The petition further alleges, in its amended form, that the plaintiff made all arrangements to purchase 86,329 shares of the shock of Advance Aluminum Castings Corp. in the amount of $884,872.25 from named persons, the transaction to be consummated on December 1, 2 or 3, 1957; that the defendants in accordance with the terms of the contract caused to be delivered to the plaintiff a certified check on the Coastal Bank of Hinesville, Ga., in the amount of $863,750.00; that on December 2nd, Brooks informed the plaintiff that the certified check was not valid and would not be paid, despite the fact that said bank was owned and controlled by said Brooks, and the defendants would not and could not comply with the contract, nor could the bank honor said check, and the defendants could not and did not otherwise procure said fund for him; that the plaintiff was at all times ready, willing and able to carry out the terms of the contract, but the defendants were unable to do so and it became useless for the plaintiff to further offer to carry out his obligations under the contract; that the plaintiff expended $10,097.77 in negotiating for the purchase and sale of said stock; that before be could negotiate and obtain the money elsewhere the offer to sell the stock was withdrawn; that although the contract was signed by R. C. Brooks Motor Co., a corporation, it was then and there acting as agent for R. C. Brooks individually with his full knowledge and consent and with full knowledge of the plaintiff of such agency and that R. C. Brooks owned all of the stock of said corporation; that on December 3rd, the reasonable market value of the stock sought to be purchased was $1,307,884.35; that the defendants knew that, unless the agreement attached as Exhibit A was complied with and the defendants delivered the money as therein provided, petitioner could not purchase said stock and would sustain the aforesaid losses; that in compliance with the agreement the plaintiff executed and delivered two promissory notes, one in the sum of $69,100 payable to Citizens State Bank, Reynolds, Ga., a hank owned and controlled by the defendant Brooks, and one in the amount of $863,750 payable to R. C. Brooks d/b/a Coastal Bank, Hinesville, Ga., as evidence of the indebtedness for the amount of the certified check, which note was received and accepted by Brooks personally, and all of which was done with the knowledge, consent and approval of the defendants and at their direction.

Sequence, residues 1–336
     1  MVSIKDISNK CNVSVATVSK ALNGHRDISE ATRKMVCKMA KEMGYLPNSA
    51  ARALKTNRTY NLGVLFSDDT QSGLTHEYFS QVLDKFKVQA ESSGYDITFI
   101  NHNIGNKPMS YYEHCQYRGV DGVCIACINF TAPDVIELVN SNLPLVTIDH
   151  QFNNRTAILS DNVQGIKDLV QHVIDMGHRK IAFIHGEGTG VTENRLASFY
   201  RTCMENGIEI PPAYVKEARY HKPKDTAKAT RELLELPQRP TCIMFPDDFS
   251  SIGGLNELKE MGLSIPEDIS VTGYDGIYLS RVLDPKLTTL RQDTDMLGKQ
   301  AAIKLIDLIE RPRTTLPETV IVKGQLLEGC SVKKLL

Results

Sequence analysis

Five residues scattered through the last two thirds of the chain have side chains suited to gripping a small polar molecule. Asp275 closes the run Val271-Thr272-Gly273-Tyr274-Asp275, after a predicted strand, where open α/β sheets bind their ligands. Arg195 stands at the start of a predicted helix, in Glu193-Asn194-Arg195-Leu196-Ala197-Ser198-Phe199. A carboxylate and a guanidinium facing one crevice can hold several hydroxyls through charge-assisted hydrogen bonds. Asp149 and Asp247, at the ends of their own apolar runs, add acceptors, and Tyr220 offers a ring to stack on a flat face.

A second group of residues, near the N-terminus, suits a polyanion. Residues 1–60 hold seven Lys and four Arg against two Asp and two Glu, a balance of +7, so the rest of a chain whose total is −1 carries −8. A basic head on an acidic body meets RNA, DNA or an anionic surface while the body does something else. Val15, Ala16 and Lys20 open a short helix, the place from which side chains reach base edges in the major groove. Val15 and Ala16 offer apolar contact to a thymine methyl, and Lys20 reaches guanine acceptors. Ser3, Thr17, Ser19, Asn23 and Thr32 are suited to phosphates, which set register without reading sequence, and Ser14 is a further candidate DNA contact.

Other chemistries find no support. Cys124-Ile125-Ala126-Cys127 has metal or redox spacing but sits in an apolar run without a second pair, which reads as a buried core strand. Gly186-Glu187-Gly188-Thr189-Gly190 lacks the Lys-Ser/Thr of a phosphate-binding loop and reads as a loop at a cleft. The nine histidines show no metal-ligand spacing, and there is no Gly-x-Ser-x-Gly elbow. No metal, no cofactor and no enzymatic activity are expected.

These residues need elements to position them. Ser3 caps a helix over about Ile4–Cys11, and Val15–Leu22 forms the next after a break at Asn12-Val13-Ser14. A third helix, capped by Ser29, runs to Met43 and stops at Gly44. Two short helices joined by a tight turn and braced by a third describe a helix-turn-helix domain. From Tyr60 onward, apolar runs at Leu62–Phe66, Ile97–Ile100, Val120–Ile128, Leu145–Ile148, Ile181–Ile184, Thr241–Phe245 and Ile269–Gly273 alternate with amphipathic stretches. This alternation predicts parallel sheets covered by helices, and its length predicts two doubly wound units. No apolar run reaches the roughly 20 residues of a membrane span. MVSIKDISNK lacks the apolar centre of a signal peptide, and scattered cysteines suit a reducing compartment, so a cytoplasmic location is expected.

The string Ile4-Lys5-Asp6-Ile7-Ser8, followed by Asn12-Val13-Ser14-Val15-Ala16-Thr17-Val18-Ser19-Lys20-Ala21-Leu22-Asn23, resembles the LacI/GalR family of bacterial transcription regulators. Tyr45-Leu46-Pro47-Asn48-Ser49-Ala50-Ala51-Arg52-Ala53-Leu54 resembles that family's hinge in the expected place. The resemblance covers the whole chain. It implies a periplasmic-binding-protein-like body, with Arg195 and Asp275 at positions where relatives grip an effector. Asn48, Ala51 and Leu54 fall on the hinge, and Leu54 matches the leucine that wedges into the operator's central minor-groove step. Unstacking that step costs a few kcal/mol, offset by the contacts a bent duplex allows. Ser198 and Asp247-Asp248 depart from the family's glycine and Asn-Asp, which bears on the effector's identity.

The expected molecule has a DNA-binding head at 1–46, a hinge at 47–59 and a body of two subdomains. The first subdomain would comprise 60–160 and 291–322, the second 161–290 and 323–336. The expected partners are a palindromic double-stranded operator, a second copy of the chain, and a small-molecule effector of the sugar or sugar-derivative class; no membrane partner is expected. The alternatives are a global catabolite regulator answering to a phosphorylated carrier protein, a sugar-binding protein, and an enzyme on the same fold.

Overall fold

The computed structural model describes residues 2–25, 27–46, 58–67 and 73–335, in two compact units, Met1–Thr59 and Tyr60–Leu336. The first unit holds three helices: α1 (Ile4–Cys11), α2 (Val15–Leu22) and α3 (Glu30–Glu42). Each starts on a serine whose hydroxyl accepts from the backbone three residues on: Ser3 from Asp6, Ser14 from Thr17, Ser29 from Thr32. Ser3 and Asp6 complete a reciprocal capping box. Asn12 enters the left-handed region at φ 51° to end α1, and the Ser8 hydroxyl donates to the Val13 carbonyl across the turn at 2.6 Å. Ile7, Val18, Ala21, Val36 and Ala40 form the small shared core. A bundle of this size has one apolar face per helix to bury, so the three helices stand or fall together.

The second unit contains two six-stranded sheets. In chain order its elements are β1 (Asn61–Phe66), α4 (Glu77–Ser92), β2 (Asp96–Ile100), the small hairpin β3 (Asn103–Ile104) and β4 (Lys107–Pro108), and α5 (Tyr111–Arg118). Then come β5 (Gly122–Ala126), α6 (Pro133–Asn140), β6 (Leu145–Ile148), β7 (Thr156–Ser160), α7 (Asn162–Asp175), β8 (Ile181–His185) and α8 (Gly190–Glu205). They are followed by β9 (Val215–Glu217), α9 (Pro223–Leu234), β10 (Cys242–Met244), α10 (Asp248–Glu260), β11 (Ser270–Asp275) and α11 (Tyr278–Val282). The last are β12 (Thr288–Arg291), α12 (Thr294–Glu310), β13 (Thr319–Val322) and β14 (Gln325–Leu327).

The defendants filed their several general and special demurrers to the petition, which demurrers were renewed following the first amendment, and the general demurrer sustained with leave to amend. Following a second amendment the demurrers were renewed and additional demurrers filed, and the court then sustained all the demurrers and dismissed the petition.
1. It is clear that this petition intends to declare upon a written contract and no other, and it is equally clear that the contract intended to be declared upon is attached as an exhibit to the petition in its entirety and denominated "Exhibit A." Being so attached and before this court, it alone can be looked to to determine all of its terms and conditions, not only as to its subject matter and date of execution, but as to the parties who entered into it and every other element essential to its validity. If the defendants can admit all that is set out therein and still escape liability, then the petition is of course subject to general demurrer. Where copies of the instrument sued upon are attached to a petition as exhibits, the exhibits and not the allegations of the petition will control as to the contents and legal effect of the instrument. Strickland v. Lowry Nat. Bank, 140 Ga. 653 (2)
(79 S. E. 539); Williams v. Appliances, Inc., 91 Ga. App. 608 (4)
(86 S. E. 2d 632); Hurt & Quinn v. Keen, 89 Ga. App. 4
, 6 (2) (78 S. E. 2d 345); Vandiver v. Endicott, 215 Ga. 250
(109 S. E. 2d 775).
Looking alone, then, to the copy of the contract as set out and contained in Exhibit A, it is subject to three fatal defects. In the first place, it is not signed. Being an unsigned document, it has no legal efficacy whatever, and it is possible for the defendants to admit everything therein contained and still escape liability on the ground that they are not bound thereby. In the second place, it shows on its face that it is intended to be a contract between the plaintiff and Hays, Byrd and Brooks Motor Co., whereas Hays, Byrd and R. C. Brooks are the defendants named in the petition. The liability of the contracting parties, if any, is joint and not joint and several, from which it follows that unless the proper parties are joined in the action the petition will not set forth a cause of action against any of them. Wall v. Wall, 176 Ga. 757